Indian Journal of Pathology and Microbiology
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Year : 2020  |  Volume : 63  |  Issue : 5  |  Page : 25-29

A grading dilemma; Gleason scoring system: Are we sufficiently compatible? A multi center study

1 Department of Pathology, Faculty of Medicine, Mugla Sitki Kocman University, Izmir, Turkey
2 Department of Pathology, Tepecik Training and Research Hospital, Izmir, Turkey
3 Department of Pathology, Çiğli Region Education Hospital, Izmir, Turkey
4 Department of Pathology, Tinaztepe Special Hospital, Izmir, Turkey
5 Department of Pathology, Faculty of Medicine, 9 Eylul University, Izmir, Turkey
6 Department of Urology, Faculty of Medicine, Mugla Sitki Kocman University, Muğla, Turkey
7 Department of Pathology, Faculty of Medicine, Adnan Menderes University, Aydin, Turkey

Correspondence Address:
Yelda Dere
Department of Pathology, Mugla Sitki Kocman University, Faculty of Medicine, Mugla
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Source of Support: None, Conflict of Interest: None

DOI: 10.4103/IJPM.IJPM_288_18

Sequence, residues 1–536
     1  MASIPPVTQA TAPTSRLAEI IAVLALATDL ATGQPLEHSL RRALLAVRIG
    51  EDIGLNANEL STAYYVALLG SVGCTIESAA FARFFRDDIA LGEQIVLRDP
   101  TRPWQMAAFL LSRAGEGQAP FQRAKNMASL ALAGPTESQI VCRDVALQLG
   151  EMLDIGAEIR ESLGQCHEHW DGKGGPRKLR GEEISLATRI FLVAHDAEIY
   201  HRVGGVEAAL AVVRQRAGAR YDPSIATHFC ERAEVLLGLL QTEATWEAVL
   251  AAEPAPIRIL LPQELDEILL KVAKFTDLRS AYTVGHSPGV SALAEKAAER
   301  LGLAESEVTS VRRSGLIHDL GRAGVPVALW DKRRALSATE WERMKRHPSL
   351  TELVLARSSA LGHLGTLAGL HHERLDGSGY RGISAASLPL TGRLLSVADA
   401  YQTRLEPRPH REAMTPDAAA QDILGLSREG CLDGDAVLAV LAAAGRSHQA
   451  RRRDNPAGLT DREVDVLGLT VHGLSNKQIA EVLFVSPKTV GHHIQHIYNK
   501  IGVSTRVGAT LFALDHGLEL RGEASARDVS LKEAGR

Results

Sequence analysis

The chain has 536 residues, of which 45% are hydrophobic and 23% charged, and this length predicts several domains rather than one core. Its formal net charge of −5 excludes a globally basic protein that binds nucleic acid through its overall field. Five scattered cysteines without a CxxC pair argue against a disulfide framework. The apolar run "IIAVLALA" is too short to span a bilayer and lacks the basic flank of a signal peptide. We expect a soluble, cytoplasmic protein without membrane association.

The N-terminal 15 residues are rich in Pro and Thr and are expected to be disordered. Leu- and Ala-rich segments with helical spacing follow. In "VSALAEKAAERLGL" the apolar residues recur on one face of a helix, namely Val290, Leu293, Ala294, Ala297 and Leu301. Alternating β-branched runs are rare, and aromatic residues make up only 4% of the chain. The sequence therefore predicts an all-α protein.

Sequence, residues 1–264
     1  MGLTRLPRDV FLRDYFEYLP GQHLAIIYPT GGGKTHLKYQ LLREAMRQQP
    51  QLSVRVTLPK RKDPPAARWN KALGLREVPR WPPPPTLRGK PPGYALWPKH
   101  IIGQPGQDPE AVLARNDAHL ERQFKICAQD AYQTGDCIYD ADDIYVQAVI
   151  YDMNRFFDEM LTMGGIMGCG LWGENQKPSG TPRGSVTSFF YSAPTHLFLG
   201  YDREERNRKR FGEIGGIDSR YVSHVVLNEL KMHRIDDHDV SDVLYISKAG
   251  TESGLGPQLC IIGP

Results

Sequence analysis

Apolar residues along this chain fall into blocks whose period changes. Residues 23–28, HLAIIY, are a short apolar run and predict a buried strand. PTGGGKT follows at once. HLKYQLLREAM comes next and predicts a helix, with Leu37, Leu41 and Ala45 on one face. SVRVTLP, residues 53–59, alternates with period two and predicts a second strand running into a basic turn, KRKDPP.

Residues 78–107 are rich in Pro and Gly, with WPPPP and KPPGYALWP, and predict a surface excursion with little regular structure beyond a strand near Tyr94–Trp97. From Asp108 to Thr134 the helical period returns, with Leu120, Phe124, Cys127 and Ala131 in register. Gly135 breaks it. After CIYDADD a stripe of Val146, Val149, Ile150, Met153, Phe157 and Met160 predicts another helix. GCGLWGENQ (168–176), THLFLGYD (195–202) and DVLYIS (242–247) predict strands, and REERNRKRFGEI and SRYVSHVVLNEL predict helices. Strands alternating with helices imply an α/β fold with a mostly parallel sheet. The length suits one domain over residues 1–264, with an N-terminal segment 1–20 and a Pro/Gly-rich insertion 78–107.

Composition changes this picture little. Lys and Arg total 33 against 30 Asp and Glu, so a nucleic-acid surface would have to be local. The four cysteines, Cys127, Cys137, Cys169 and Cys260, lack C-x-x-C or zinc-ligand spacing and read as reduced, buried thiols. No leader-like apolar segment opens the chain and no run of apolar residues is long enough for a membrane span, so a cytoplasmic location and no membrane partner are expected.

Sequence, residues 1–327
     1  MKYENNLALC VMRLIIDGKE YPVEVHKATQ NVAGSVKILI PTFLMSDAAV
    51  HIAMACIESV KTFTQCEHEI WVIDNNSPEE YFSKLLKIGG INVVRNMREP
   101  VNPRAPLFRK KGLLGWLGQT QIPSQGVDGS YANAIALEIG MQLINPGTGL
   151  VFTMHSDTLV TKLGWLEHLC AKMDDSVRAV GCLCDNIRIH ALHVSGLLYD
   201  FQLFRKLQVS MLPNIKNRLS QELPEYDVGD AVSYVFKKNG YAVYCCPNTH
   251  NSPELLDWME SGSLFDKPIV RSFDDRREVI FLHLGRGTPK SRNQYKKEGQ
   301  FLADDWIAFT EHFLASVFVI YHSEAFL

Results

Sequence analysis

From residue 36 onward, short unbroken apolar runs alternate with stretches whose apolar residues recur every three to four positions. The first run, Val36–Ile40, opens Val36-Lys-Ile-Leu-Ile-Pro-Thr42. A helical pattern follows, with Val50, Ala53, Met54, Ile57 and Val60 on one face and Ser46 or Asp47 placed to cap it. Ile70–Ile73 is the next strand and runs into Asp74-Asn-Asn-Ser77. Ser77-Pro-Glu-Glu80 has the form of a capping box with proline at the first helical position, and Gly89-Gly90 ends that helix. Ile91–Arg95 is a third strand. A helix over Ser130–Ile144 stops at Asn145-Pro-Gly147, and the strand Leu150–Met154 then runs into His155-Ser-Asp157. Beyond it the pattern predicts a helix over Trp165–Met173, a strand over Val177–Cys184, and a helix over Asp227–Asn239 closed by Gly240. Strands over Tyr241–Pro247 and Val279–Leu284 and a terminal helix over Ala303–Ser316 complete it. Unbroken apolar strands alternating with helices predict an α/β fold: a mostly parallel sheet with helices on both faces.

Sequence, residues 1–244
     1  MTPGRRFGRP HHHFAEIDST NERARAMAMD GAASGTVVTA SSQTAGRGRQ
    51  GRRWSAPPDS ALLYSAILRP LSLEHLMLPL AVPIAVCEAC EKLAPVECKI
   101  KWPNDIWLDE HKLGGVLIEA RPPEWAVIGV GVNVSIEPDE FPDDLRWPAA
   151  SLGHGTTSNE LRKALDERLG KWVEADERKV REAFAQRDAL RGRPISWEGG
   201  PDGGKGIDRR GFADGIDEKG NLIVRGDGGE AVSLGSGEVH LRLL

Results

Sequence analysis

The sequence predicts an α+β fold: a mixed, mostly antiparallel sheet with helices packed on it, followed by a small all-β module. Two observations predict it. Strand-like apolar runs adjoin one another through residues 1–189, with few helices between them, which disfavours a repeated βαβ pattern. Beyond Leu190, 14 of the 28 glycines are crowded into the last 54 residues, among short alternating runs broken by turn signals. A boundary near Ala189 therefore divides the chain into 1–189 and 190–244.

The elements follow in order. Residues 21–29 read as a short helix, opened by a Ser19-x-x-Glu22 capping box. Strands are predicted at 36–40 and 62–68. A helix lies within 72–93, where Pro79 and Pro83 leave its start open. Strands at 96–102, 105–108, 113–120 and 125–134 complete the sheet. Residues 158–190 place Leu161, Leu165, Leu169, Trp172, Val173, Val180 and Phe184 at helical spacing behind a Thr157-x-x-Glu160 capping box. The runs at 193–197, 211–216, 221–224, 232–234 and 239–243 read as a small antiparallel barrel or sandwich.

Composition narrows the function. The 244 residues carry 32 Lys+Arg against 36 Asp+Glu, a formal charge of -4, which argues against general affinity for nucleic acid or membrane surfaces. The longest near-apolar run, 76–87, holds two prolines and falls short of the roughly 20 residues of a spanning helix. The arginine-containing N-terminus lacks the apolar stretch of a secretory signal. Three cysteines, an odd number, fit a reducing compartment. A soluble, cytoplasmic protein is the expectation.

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Objective: Gleason scoring is the grading system which strongly predicts the prognosis of prostate cancer. However, even being one of the most commonly used systems, the presence of different interobserver agreement rates push the uropathologists update the definitons of the Gleason patterns. In this study, we aimed to determine the interobserver agreement variability among 7 general pathologists, and one expert uropathologist from 6 different centers. Methods: A set of 50 Hematoxylin & Eosin stained slides from 41 patients diagnosed as prostate cancer were revised by 8 different pathologists. The pathologists were also grouped according to having their residency at the same institute or working at the same center. All pathologists' and the subgroups' Gleason scores were then compared for interobserver variability by Fleiss' and Cohen's kappa tests using R v3.2.4. Results: There were about 8 pathologists from 6 different centers revised all the slides. One of them was an expert uropathologist with experience of 18 years. Among 7 general pathologists 4 had surgical pathology experience for over 5 years whilst 3 had under 5 years. The Fleiss' kappa was found as 0.54 for primary Gleason pattern, and 0.44 for total Gleason score (moderate agreement). The Fleiss' kappa was 0.45 for grade grouping system. Conclusion: Assigning a Gleason score for a patient can be problematic because of different interobserver agreement rates among pathologists even though the patterns were accepted as well-defined.

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